But still, the government continues to argue that location data, while possibly intrusive, is simply Just Another Business Record — records it is entitled to have thanks to the Third Party Doctrine. Any legal decision that suggests even the slightest expectation of privacy might have arisen over the past several years as the public’s relationship with cell phones has shifted from “luxury item/business tool” to “even grandma has a smartphone” is greeted with reams of paper from the government, all of it metaphorically pounding on the table and shouting “BUSINESS RECORDS!”
When that fails, it pushes for the lower bar of the Stored Communications Act [PDF] to be applied to its request, dropping it from “probable cause” to “specific and articulable facts.” The Stored Communications Act is the lowest bar, seeing as it allows government agencies and law enforcement to access electronic communications older than 180 days without a warrant. It’s interesting that the government would invoke this to defend the warrantless access to location metadata, seeing as the term “communications” is part of the law’s title. This would seem to imply what’s being sought is actual content — something that normally requires a higher bar to obtain.
Update: Ken White at Popehat says warrants are not particularly strong devices to protect your liberty and lists a few distressing cases where warrants have been issued recently.
We’re faced all the time with the ridiculous warrants judges will sign if they’re asked. Judges will sign a warrant to give a teenager an injection to induce an erection so that the police can photograph it to fight sexting. Judges will, based on flimsy evidence, sign a warrant allowing doctors to medicate and anally penetrate a man because he might have a small amount of drugs concealed in his rectum. Judges will sign a warrant to dig up a yard based on a tip from a psychic. Judges will kowtow to an oversensitive politician by signing a warrant to search the home of the author of a patently satirical Twitter account. Judges will give police a warrant to search your home based on a criminal libel statute if your satirical newspaper offended a delicate professor. And you’d better believe judges will oblige cops by giving them a search warrant when someone makes satirical cartoons about them.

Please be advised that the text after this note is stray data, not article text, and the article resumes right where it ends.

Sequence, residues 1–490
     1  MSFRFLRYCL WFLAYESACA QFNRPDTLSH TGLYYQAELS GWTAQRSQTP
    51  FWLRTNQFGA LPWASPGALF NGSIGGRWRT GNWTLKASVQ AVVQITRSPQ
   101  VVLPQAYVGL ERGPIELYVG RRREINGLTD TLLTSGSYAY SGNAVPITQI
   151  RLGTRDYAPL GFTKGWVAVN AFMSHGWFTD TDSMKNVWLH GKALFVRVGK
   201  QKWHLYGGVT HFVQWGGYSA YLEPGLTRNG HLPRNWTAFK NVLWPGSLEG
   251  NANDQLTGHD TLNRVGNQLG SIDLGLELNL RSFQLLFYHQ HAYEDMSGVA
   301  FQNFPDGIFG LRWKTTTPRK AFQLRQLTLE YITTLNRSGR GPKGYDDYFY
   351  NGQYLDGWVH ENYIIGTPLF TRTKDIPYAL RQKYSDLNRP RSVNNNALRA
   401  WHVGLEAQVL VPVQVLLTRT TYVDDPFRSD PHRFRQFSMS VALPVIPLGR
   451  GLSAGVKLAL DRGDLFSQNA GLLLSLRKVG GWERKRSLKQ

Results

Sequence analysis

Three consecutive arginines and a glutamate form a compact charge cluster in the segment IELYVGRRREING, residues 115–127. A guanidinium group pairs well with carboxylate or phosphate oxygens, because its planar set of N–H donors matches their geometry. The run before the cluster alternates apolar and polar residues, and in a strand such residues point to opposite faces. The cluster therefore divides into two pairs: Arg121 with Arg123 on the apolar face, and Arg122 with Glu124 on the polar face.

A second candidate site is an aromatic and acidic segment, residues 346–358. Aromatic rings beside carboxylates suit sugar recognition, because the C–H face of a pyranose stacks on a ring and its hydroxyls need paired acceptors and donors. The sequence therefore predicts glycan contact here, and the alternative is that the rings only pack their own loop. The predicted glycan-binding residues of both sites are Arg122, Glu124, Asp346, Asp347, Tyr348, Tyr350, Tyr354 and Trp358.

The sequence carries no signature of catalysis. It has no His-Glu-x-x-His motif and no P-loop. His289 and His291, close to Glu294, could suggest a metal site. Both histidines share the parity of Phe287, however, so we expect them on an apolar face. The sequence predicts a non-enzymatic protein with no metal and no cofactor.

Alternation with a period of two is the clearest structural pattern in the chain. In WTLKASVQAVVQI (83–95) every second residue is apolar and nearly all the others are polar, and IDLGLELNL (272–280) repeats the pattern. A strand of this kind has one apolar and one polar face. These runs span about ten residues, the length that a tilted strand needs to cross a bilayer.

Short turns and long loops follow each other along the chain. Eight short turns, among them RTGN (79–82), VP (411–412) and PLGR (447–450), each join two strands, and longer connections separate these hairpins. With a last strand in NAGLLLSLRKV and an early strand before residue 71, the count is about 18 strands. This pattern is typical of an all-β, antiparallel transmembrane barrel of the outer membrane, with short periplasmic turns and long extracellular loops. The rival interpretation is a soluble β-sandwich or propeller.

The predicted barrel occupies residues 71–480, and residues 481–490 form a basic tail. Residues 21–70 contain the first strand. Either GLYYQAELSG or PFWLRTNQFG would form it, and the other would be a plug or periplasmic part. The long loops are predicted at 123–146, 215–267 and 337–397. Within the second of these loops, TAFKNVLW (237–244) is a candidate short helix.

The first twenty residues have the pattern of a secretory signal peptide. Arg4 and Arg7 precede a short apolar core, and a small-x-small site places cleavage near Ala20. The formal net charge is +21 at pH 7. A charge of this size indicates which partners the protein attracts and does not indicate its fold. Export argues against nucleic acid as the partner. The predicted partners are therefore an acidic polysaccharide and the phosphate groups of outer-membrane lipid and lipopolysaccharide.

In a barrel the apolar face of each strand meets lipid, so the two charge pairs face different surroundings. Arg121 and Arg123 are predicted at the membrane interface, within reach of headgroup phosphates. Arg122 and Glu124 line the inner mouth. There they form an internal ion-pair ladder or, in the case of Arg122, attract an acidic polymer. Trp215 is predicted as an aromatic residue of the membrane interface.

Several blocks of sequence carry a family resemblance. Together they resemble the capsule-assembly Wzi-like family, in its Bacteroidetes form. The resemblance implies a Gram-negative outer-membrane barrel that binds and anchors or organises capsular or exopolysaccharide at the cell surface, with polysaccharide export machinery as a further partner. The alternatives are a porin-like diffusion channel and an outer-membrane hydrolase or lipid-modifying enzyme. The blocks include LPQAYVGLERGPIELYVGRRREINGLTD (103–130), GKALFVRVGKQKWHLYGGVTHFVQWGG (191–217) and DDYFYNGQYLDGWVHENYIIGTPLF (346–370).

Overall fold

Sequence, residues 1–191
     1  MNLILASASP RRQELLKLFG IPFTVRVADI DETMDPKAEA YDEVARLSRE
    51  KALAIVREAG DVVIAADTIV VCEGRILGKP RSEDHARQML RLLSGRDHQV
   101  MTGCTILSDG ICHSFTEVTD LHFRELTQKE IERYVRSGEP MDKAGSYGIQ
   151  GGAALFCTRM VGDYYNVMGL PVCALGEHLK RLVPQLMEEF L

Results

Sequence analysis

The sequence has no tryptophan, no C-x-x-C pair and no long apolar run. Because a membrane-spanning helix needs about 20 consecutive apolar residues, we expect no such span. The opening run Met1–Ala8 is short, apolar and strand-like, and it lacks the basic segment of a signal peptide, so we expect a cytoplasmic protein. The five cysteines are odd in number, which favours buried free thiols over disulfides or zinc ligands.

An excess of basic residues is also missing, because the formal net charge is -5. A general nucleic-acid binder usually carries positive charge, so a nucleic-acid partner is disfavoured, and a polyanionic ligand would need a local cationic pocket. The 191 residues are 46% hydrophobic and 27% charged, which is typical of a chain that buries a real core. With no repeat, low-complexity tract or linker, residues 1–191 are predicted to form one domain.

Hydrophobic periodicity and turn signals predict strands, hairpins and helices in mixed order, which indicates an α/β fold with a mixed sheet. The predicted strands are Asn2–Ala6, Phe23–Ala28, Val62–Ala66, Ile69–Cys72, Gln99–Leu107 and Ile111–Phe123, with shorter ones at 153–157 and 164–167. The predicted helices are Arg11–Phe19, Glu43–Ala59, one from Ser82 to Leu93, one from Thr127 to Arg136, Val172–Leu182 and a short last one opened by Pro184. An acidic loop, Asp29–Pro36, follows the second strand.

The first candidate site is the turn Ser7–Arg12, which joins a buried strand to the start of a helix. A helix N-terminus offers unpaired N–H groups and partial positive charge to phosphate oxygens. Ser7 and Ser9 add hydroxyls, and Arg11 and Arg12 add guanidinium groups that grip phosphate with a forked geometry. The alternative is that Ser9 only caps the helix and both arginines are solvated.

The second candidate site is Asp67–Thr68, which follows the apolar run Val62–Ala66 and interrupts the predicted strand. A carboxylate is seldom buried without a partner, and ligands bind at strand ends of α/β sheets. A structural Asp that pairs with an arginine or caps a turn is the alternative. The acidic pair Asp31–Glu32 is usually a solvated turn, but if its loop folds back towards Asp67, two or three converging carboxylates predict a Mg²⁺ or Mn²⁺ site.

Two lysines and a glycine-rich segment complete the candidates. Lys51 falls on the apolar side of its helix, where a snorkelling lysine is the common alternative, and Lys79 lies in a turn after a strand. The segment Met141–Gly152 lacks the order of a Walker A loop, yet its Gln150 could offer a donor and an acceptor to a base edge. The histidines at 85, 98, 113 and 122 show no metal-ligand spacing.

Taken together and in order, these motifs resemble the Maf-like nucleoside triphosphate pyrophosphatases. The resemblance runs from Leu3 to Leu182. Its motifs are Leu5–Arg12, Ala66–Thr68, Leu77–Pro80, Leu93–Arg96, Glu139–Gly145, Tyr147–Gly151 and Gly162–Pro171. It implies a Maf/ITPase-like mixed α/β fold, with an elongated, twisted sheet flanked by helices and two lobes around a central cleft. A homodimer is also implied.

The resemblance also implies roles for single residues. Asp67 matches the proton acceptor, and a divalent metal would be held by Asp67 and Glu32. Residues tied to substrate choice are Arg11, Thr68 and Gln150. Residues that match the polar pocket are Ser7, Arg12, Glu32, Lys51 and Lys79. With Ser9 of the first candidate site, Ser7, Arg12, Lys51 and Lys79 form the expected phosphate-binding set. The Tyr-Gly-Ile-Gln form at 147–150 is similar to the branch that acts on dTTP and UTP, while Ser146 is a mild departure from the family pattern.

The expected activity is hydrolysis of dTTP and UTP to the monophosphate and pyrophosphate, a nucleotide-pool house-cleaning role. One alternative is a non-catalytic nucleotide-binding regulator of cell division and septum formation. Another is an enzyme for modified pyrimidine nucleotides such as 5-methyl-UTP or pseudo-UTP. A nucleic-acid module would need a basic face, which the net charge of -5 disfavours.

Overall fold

I’m not saying that warrants are completely useless. Warrants create a written record of the government’s asserted basis for an action, limiting cops’ ability to make up post-hoc justifications. Occasionally some prosecutors turn down weak warrant applications. The mere process of seeking a warrant may regulate law enforcement behavior soomewhat.
Rather, I’m saying that requiring the government to get a warrant isn’t the victory you might hope. The numbers — and the experience of criminal justice practitioners — suggests that judges in the United States provide only marginal oversight over what is requested of them. Calling it a rubber stamp is unfair; sometimes actual rubber stamps run out of ink. The problem is deeper than court decisions that excuse the government from seeking warrants because of the War on Drugs or OMG 9/11 or the like. The problem is one of the culture of the criminal justice system and the judiciary, a culture steeped in the notion that “law and order” and “tough on crime” are principled legal positions rather than political ones. The problem is that even if we’d like to see the warrant requirement as interposing neutral judges between our rights and law enforcement, there’s no indication that the judges see it that way.